Before the pandemic, belly freight represented around 50% of the total available cargo capacity. With the grounding of passenger planes, different solutions had to be found for air shipping. One of these was the return to flight of the Antonov AN-225 Mriya, the largest plane in the world. The plane is one-of-a-kind, with six engines and an 88-metre wingspan (the largest wingspan of any operational aircraft). It was built in 1985 in the Soviet Union to transport a space shuttle. After the fall of the Soviet Union, it was used for various heavy-lift cargo, but in recent years, it has been grounded as demand for this type of transport is rare. The plane resumed operations in March 2020, just as just as the rest of the world’s airplanes were being grounded due to the impact of the pandemic on commercial aviation. The Antonov Mriya has been active since, delivering masks and medical supplies from China to other parts of the world and recently transporting medical oxygen production equipment to India.
The pandemic changed our relationship with passenger air travel: all the fleet groundings, travel restrictions, and empty airports are still vivid images for us all. Something we might not have noticed, however, is how the pandemic changed our relationship with the air cargo industry.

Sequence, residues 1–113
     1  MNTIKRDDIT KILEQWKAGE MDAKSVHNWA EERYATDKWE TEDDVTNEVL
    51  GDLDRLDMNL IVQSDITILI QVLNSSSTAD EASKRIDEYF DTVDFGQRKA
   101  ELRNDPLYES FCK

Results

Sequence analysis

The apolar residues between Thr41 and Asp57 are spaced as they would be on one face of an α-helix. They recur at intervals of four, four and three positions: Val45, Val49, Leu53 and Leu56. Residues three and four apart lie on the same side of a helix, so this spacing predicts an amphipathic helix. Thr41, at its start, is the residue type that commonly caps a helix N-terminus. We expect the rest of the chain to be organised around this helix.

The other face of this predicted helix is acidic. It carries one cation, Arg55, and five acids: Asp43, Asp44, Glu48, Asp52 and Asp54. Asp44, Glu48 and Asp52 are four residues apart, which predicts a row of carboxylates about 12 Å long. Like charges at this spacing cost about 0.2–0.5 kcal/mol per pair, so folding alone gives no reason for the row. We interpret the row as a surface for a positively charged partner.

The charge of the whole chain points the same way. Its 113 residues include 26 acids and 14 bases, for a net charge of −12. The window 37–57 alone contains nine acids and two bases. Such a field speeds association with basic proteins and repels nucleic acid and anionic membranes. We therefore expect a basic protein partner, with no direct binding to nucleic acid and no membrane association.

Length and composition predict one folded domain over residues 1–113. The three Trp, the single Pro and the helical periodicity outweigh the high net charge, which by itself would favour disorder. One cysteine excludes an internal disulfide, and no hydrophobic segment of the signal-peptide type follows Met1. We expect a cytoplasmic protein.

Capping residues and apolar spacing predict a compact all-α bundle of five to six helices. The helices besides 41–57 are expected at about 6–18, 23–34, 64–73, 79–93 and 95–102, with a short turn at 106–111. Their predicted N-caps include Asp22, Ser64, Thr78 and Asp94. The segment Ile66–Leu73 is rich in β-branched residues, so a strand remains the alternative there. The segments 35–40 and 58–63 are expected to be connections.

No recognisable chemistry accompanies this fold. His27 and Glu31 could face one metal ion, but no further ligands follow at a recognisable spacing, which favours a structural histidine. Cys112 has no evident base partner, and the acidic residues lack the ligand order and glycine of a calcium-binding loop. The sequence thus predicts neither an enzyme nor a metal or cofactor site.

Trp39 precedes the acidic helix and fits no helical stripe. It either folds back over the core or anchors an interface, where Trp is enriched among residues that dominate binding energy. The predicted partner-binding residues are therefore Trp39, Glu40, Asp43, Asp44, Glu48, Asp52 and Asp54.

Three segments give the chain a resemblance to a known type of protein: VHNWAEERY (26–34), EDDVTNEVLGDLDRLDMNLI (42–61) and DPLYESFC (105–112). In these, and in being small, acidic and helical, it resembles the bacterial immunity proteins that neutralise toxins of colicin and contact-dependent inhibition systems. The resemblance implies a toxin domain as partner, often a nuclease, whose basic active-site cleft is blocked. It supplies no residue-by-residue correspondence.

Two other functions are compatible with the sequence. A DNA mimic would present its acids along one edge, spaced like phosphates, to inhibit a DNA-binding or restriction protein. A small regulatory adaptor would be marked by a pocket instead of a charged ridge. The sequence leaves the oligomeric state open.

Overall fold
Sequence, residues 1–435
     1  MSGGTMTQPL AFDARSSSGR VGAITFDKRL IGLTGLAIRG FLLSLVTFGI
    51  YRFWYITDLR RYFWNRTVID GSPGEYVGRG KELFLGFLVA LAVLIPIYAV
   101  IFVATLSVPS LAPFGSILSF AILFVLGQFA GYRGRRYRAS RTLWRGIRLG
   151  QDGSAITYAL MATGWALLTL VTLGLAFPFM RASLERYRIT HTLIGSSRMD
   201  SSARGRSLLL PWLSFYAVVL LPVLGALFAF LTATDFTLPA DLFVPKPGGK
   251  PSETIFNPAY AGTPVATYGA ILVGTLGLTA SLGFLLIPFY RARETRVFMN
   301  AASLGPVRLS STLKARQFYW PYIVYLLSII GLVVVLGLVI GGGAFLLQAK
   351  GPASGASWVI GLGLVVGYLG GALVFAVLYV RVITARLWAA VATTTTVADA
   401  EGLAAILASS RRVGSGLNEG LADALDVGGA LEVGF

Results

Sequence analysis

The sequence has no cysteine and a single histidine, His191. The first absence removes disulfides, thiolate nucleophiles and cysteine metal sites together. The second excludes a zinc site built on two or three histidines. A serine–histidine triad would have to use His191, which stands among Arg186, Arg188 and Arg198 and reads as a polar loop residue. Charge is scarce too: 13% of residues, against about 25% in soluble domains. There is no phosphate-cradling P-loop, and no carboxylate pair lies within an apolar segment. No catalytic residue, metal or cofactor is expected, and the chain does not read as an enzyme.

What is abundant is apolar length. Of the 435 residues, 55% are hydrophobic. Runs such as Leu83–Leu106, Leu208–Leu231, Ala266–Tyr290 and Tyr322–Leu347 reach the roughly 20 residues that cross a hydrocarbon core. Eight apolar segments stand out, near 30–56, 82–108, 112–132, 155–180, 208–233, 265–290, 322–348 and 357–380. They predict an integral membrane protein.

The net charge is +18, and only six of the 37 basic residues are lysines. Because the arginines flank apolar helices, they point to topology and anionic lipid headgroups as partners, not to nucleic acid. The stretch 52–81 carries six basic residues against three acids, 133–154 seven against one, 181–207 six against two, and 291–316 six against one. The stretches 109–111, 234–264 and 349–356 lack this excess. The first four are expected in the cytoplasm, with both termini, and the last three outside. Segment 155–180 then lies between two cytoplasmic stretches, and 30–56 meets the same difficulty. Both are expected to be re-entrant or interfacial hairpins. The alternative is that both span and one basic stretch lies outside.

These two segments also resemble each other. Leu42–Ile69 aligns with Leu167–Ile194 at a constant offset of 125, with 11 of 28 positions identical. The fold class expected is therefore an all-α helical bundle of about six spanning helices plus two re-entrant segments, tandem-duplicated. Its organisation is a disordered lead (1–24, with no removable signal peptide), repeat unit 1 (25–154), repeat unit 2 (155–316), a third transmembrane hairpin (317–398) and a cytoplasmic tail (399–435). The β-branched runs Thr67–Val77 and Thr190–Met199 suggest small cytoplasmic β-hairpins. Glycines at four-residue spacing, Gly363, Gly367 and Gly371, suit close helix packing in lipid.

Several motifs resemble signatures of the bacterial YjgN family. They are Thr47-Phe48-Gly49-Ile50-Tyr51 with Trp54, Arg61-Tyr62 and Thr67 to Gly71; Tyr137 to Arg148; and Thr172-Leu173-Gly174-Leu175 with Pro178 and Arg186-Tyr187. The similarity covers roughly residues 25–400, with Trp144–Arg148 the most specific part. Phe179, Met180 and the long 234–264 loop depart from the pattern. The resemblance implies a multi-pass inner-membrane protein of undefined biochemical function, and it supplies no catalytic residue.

The increase in e-commerce and the massive imports of face masks and other medical equipment needed in the fight against the health crisis translated into a rapid rebound of the volume of cargo transported by air, which is currently higher than its pre-pandemic levels.
The first half of 2020 was a very challenging year for the air cargo industry: air freight volumes dropped considerably, capacity was very limited as belly freight transportation, the transportation of goods via passenger aircraft, was virtually not possible. For logistics companies it quickly became very important to manage bottlenecks, to remain competitive and ensure an efficient delivery.
The second half of the year, however, was quite different: the recovery in global exports and a shift from maritime freight to air freight meant a quick rebound in air freight trade volumes. This change in preference of the exporting companies was due to the need for quick transportation to meet the delivery deadlines already disrupted by the pandemic, to the low fuel prices and to the problems faced by the maritime shipping industry (such as the container shortage and the Suez blockage). According to Kühne+Nagel’s latest quarterly report (see figure on the bottom left), the rebound in Air Logistics has been much more pronounced and stable versus Sea Logistics.
According to the IATA (International Air Transport Association), the scenario for the cargo industry is positive with a 2021-forecasted growth in cargo tonne kilometers (CTK) of 20% compared to 2020 and of 3% compared to 2019. However, this growth is not uniform across the globe: North America, Africa, and the Middle East have grown the most, while Latin America still lurks at the pandemic levels.
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